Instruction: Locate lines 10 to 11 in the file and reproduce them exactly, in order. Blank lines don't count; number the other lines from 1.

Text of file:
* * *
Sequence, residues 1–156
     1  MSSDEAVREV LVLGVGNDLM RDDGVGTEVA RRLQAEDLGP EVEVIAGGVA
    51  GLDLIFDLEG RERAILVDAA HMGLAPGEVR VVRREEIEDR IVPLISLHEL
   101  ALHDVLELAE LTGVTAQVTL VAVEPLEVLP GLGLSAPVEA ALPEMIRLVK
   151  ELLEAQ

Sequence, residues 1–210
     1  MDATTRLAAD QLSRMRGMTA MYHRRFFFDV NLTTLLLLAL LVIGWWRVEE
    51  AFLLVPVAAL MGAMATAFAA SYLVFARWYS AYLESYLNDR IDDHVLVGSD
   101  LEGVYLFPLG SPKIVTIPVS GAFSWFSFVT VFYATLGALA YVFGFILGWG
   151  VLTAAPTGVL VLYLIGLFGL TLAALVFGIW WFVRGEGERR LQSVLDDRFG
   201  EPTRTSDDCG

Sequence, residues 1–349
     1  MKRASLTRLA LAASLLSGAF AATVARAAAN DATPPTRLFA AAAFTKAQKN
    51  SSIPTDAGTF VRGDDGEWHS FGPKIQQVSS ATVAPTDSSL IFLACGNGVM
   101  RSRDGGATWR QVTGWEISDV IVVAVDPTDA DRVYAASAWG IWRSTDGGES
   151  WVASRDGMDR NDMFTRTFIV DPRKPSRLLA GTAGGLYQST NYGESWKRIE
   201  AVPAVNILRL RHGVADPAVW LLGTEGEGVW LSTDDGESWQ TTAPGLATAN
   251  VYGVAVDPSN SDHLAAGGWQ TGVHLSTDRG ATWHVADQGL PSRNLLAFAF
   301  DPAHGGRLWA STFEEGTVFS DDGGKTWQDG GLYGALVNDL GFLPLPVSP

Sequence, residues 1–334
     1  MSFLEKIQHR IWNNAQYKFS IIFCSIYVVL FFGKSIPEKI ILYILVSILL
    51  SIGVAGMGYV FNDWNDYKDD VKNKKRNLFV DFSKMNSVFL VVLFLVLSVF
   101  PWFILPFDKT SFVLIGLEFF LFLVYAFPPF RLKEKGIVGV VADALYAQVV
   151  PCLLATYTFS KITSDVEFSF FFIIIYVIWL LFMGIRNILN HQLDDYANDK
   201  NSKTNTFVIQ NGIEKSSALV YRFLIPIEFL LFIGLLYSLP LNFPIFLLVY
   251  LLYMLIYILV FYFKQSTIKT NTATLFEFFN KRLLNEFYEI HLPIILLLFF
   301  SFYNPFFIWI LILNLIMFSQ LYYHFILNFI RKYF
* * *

   151  VLTAAPTGVL VLYLIGLFGL TLAALVFGIW WFVRGEGERR LQSVLDDRFG
   201  EPTRTSDDCG